Is The End Goal Starting A Fund Of My Own?

Shortly after learning more about the venture capital space and (making my first angel investment), I thought for sure that I’d want to start my own fund. I was practicing patience though. I just started my journey, so I’d have to be out of my mind to think I’ve earned the right to manage other people’s money. Patience is something that I am good at though: I am a long-term-focused person in everything I do. So all I have to do right now is focus on deriving happiness from my own angel investments.

Something strange started happening though. After making a few more investments and talking more publicly about angel investing (while continuing to learn). I started to get a lot of people asking me the following question:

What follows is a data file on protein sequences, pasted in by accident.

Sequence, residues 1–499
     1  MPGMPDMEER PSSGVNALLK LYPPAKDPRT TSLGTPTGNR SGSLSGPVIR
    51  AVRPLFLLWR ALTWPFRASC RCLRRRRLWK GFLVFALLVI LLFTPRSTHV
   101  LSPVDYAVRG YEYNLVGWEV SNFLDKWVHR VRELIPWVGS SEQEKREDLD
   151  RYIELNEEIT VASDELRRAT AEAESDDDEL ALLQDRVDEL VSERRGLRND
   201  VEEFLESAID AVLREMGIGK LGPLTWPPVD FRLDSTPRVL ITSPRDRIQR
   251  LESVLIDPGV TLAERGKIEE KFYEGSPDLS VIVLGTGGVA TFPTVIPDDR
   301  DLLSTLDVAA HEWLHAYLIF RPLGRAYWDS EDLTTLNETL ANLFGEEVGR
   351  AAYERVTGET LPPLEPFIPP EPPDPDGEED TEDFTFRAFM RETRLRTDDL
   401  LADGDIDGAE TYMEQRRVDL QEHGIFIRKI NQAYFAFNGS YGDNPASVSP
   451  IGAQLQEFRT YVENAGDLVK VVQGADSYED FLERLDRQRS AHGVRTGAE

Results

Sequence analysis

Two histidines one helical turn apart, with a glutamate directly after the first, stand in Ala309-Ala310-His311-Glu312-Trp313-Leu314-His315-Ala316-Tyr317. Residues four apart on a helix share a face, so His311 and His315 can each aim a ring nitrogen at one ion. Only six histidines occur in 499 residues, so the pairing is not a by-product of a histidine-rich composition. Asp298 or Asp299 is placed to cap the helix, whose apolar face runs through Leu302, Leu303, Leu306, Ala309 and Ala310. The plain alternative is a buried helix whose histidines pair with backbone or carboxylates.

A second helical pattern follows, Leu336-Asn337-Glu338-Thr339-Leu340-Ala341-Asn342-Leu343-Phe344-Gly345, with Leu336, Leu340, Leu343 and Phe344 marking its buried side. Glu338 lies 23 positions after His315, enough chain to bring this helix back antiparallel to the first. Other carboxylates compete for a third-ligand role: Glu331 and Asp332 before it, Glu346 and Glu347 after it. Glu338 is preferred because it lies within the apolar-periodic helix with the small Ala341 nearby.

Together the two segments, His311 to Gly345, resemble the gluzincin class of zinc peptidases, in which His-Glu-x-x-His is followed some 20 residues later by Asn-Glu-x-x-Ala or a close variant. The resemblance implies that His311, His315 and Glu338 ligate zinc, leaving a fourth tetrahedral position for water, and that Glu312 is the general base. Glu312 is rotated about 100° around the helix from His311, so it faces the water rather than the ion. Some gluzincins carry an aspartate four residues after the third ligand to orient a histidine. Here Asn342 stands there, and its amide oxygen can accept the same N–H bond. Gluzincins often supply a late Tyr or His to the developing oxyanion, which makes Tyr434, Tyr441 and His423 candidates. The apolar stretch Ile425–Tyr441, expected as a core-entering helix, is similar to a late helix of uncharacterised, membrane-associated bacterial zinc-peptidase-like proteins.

When are you going to start your own fund? And when you do, can I invest?

Wait, what…? Now, we aren’t just talking about friends and family here… Let’s take the Cloudflare engineer that I met at SaaStr. We quickly became friends after a 10-minute talk about stocks, business, and angel investing. This led to us exchanging numbers and chatting more about investing. Then came coffee, and the inevitable “can I invest” question. Not but 3 months into my journey, I had nearly strangers starting to look up to me as a mentor (these are not my words - and quite frankly, I couldn’t help but feel a bit uncomfortable and confused). Let me say it again: I don’t even know if I am good at this yet.

And here comes a micro lesson that I’ve learned over the past year:

There is actually something to simply taking action. Diving into the unknown, trusting your gut, and making meaningful choices, that people find infectious.

Making Meaningful Choices

In a world where many want to quit their job and start a business, want to angel invest, want to leave their hometown, there are only a fraction of people that will ever actually take action on these feelings.